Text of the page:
If you like Bush, you’ll love McCain
September 16, 2008 2 Comments
In choosing Palin, McCain was in full Bush mode. Like Bush, he followed his gut, ignored advice from experts and acted on impulse. In fact, McCain’s rash and reckless choice of Palin makes Bush look downright careful by comparison — so McCain may well be more Bushian than Bush himself.
If you liked eight years of a president who went with his gut, acted on impulse and gambled our nation’s future on a hunch, you’ll love John McCain.
and from Norman J. Ornstein of the American Enterprise Institute, via Politico:
She had me at hello Charley– had me scared to death. Not a single doubt that she is ready to be president– everyone, no matter how experienced, should have doubts about the ability to take that job. A combination of utter inexperience and utter arrogance is about the worst possible combination I can imagine.
Not knowing what the Bush Doctrine is would be bad enough, but saying unequivocally that Georgia should be in NATO– meaning we would now perhaps be in a state of war with Russia– and then without a beat saying that military action should be the last resort– shows a series of knowledge and logic gaps that ought to shake every foreign policy specialist, liberal or conservative, Democrat or Republican, to his or her roots.
Maybe they can force feed her enough facts to skate through a debate, and maybe her self-confidence will still play well with many voters, but this first cut performance underscores our worst fears.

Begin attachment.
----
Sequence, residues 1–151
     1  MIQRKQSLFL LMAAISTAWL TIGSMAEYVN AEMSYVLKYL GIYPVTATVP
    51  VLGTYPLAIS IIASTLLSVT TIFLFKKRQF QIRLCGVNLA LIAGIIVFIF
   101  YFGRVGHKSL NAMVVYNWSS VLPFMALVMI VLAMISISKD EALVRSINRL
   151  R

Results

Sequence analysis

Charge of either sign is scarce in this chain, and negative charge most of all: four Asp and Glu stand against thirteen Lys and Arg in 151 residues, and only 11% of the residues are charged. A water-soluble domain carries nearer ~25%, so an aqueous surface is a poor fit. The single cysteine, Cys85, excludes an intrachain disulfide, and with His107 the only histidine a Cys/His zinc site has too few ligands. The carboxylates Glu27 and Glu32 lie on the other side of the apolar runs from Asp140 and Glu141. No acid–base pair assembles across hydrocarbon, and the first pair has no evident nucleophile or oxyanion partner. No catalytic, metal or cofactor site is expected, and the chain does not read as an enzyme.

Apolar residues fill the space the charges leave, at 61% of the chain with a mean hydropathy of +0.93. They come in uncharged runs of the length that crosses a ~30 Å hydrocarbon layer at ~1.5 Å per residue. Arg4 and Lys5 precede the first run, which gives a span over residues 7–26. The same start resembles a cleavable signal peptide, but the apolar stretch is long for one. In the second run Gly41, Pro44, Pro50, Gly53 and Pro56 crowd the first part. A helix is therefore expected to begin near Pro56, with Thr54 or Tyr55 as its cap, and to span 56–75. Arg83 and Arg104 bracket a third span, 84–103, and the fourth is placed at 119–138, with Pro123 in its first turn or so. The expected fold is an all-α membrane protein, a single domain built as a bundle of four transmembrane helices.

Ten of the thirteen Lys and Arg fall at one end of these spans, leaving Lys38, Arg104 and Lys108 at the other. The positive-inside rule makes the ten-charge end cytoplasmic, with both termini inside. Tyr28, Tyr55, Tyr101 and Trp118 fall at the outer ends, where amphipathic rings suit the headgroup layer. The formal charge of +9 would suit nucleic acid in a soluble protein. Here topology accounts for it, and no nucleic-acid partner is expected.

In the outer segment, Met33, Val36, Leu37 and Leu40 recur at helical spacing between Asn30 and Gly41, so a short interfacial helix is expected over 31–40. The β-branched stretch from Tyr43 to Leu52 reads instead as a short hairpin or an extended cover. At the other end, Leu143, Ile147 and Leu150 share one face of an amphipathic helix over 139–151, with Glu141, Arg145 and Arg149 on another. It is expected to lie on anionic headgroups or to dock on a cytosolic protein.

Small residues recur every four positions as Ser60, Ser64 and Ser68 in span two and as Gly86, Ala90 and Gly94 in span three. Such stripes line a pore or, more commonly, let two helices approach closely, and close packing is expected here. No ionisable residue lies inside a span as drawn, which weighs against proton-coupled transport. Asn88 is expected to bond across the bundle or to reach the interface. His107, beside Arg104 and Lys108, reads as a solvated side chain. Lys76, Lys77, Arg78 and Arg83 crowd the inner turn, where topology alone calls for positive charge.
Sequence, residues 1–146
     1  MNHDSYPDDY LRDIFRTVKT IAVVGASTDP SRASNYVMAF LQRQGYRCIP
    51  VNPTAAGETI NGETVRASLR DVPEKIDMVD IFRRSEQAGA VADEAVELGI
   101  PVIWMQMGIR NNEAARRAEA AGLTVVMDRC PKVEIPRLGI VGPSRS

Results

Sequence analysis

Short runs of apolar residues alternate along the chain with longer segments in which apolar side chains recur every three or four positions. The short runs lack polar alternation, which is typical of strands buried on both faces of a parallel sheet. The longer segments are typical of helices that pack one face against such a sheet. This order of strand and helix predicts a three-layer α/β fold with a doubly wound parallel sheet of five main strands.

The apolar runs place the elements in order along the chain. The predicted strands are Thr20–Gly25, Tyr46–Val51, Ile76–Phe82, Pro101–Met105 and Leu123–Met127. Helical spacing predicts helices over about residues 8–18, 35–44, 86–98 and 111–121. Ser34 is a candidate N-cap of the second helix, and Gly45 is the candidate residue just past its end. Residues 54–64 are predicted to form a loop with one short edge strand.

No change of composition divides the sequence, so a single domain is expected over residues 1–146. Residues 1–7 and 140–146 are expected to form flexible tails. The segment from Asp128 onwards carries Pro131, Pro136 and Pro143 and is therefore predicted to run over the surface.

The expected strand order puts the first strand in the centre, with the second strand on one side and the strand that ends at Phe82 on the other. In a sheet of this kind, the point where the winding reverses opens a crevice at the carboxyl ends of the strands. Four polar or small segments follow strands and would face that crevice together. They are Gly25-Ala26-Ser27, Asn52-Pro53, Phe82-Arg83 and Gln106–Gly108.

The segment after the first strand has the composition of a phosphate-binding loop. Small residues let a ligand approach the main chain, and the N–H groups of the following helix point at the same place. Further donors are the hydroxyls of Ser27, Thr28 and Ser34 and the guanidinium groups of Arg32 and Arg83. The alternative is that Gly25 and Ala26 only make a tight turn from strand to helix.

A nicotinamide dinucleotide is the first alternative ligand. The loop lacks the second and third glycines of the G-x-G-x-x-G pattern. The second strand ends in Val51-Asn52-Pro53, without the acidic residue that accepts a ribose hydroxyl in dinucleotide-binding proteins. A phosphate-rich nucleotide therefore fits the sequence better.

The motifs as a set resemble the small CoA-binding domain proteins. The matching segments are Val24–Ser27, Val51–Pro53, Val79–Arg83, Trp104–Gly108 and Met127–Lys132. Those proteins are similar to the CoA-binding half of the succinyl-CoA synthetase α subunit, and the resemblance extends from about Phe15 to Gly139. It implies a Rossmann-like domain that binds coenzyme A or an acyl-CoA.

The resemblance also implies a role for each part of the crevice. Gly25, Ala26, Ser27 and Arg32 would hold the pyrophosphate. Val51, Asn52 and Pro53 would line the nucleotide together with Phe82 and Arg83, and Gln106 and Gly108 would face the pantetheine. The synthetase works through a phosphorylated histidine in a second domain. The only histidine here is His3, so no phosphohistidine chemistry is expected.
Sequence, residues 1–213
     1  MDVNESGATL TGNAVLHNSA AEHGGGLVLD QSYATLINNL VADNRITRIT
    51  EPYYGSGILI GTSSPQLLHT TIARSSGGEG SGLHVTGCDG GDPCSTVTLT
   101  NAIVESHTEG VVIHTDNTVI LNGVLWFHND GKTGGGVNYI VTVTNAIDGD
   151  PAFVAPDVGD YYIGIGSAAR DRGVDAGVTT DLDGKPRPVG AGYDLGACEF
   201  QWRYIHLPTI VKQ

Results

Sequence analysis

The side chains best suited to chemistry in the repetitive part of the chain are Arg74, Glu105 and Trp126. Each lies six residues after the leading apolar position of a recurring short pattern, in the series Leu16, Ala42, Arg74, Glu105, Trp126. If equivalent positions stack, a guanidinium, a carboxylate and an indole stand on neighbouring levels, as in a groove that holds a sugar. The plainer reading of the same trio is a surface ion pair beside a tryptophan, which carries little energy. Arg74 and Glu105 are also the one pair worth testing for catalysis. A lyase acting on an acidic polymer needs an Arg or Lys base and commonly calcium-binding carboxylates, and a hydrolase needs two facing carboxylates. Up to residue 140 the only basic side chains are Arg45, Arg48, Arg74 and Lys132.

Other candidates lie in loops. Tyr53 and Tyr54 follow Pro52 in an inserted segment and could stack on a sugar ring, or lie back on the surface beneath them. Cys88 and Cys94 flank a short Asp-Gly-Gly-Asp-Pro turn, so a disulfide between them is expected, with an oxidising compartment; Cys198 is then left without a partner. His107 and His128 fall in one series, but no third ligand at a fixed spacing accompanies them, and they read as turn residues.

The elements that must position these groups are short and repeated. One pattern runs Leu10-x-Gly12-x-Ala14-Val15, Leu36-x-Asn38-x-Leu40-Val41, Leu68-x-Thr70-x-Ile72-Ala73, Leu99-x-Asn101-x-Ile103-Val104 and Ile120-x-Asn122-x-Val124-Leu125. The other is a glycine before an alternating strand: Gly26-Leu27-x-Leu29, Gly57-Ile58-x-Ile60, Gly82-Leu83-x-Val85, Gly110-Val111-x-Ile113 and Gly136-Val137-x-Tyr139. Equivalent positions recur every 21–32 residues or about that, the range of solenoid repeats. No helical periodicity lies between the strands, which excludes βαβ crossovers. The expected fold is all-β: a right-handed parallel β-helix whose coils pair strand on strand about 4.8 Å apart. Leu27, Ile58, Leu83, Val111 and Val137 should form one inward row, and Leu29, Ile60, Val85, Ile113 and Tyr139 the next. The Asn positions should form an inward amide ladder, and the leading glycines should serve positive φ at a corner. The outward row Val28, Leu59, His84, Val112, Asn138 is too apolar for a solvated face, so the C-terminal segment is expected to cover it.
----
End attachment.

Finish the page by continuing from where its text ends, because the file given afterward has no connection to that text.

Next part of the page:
and Richard Cohen at the Washington Post:
I am one of the journalists accused over the years of being in the tank for McCain. Guilty. Those doing the accusing usually attributed my feelings to McCain being accessible. This is the journalist-as-puppy school of thought: Give us a treat, and we will leap into a politician’s lap.
Not so. What impressed me most about McCain was the effect he had on his audiences, particularly young people. When he talked about service to a cause greater than oneself, he struck a chord. He expressed his message in words, but he packaged it in the McCain story — that man, beaten to a pulp, who chose honor over freedom. This had nothing to do with access. It had to do with integrity.
McCain has soiled all that. His opportunistic and irresponsible choice of Sarah Palin as his political heir — the person in whose hands he would leave the country — is a form of personal treason, a betrayal of all he once stood for. Palin, no matter what her other attributes, is shockingly unprepared to become president. McCain knows that. He means to win, which is all right; he means to win at all costs, which is not.